3. Compute test statistic , where stands for the XOR operation.

  4. Compute p-value .

  5. Compare p-value to 0.01. If p-value 0.01, then the sequence is random. Otherwise, the sequence is not random.

[colback=white,enforce breakable,pad at break*=1mm] Example: , length .

  1. .

  2. test is applicable.

  3. .

  4. P-value .

  5. P-value , so sequence is random.

4.4 The Longest Run of Ones Within a Block Test

This test determines whether the longest runs of ones within blocks of size M is consistent with what would be expected in a random sequence. The possible values of M for this test are limited to three values, namely, 8, 128 and 10000, depending on the size of the sequence to be tested. [colback=white!5!white,colframe=black!5!black,enforce breakable,pad at break*=1mm,title=Test Description]

  1. Divide the sequence into blocks of size M. The choices of M and N are determined in regard to the length of the sequence. N denotes the number of blocks, and the elements exceeding the number of blocks are discarded.

    Minimum length
    128 8
    6272 128
    750,000 10000
    Table 2: Choices of M for the longest runs of ones within a block test.
  2. Classify each block into the following categories regarding and the length of the longest run in each block. See Table 3.

    Classes
    2 5 11
    3 6 12
    7 13
    8 14
    15
    Table 3: Classifications of each block.
  3. Compute . Note that , and are determined by . See Tables 4 and 5.

    8 3 16
    128 5 49
    10000 6 75
    Table 4: Values of and corresponding to .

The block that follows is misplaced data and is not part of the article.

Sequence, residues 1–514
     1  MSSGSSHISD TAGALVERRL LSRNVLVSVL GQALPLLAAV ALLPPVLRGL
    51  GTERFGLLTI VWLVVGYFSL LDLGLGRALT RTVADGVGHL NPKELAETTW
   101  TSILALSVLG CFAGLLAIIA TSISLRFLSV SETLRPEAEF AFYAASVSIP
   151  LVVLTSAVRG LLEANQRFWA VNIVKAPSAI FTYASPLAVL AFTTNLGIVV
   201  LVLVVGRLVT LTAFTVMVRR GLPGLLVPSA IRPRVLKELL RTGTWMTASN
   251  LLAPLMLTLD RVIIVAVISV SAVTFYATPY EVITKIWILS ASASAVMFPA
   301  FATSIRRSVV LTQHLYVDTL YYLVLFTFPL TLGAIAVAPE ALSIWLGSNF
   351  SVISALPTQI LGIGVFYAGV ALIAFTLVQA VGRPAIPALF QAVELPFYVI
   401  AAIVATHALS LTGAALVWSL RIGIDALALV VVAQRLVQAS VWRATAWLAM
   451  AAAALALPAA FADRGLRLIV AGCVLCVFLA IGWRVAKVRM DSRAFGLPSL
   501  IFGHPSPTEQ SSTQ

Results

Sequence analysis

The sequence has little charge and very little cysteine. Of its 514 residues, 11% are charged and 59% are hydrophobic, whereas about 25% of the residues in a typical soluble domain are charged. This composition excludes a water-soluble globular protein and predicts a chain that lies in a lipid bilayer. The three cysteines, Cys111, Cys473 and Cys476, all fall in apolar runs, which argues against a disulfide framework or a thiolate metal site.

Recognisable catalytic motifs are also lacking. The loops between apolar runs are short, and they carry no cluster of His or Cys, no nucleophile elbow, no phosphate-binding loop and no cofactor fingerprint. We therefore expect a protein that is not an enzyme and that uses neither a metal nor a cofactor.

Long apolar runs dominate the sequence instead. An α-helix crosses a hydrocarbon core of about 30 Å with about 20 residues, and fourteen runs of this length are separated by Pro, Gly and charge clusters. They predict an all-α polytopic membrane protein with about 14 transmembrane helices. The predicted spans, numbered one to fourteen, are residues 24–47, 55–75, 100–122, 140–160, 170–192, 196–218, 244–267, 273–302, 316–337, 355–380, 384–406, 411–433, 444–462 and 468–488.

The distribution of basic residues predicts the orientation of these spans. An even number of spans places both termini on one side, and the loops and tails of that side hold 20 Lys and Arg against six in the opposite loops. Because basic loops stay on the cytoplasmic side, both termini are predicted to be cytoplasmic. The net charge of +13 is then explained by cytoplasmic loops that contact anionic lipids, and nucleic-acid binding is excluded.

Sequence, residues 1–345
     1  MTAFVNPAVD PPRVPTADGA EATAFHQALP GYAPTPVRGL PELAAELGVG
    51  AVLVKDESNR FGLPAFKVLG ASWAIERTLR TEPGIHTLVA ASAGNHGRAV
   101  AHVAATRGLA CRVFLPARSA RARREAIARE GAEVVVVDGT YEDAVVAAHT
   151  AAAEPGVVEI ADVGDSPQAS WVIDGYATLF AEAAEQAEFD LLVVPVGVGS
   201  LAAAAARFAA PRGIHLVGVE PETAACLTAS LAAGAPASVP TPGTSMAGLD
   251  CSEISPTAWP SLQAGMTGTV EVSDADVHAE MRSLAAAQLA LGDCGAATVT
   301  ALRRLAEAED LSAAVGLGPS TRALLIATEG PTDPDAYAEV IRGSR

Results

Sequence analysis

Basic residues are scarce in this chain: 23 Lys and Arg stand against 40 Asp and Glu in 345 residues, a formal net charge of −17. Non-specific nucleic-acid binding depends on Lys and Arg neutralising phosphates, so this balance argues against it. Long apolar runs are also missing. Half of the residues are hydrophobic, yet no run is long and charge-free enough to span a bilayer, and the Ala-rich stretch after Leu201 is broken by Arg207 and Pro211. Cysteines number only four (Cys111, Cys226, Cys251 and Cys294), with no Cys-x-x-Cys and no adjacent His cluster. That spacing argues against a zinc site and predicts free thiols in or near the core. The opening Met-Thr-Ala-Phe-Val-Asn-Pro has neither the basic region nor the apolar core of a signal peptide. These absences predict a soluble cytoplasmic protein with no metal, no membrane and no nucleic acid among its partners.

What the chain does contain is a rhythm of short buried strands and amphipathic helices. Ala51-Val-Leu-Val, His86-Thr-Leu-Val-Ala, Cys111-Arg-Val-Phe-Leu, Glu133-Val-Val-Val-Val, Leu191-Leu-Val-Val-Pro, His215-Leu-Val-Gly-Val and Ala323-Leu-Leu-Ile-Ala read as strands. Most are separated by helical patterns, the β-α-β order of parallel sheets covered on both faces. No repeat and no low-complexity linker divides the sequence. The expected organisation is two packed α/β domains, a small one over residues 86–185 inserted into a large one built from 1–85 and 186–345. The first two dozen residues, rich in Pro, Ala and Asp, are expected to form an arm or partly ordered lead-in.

Classes , , ,
    0.2148 0.1174 0.0882
    0.3672 0.2430 0.2092
    0.2305 0.2493 0.2483
    0.1875 0.1752 0.1933
    0.1027 0.1208
    0.1124 0.0675
    0.0727
    Table 5: Values of corresponding to and .
  4. Compute p-value .

  5. Compare p-value to 0.01. If p-value 0.01, then the sequence is random. Otherwise, the sequence is not random.

[colback=white,enforce breakable,pad at break*=1mm] Example:

  1. and . The remaining elements are discarded.

  2. The counts for the longest run of ones are , , , , , and .

  3. χ^2(obs) & = (6 - 49×0.1174)249×0.1174 + (10 - 49×0.2430)249×0.2430
    & + (10 - 49×0.2493)249×0.2493 + (7 - 49×0.1752)249×0.1752 
    & + (7 - 49×0.1027)249×0.1027 + (9 - 49×0.1124)249×0.1124
    & = 3.994459.

  4. P-value .

  5. P-value , so the sequence is random.

4.5 Discrete Fourier Transform Test

This test checks for periodic patterns in the sequence by performing a discrete Fourier transform (DFT). The minimum sample length required for this test is 1000. The following is the test description. [colback=white!5!white,colframe=black!5!black,enforce breakable,pad at break*=1mm,title=Test Description]

  1. Convert the sequence of 0s and 1s into a sequence of s and s.

  2. Apply a DFT on X: . This should yield a sequence of complex variables representing the periodic components of the sequence of bits at different frequencies.

  3. Compute , where is the first elements of . This produces a sequence of peak heights.

  4. Compute . This is the 95 % peak height threshold value. 95 % of the values obtained by the test should not exceed for a random sequence.

  5. Compute , which is the expected theoretical number of peaks that are less than .

  6. Compute , which is the actual number of peaks in that are less than .

  7. Compute .

  8. Compute p-value .

  9. Compare p-value to 0.01. If p-value 0.01, then the sequence is random. Otherwise, the sequence is not random.

This test checks for periodic features. Samples with periodic features may look like or among various other possibilities. Failing this test suggests that the sample has periodic patterns. [colback=white,enforce breakable,pad at break*=1mm] Example: , length .

  1. .

  2. .

  3. .

  4. .

  5. P-value .

  6. P-value , so the sequence is random.

4.6 Approximate Entropy Test

The approximate entropy test compares the frequency of -bit overlapping patterns with that of -bit patterns in the sequence. It checks whether the relation of two frequencies is what is expected from an unbiased and independent RNG. The level of significance is . This test can be applied to samples with lengths equal to or larger than 64. The test description is below. [colback=white!5!white,colframe=black!5!black,enforce breakable,pad at break*=1mm,title=Test Description]

  1. Append the first bits of the sequence to the end of the sequence.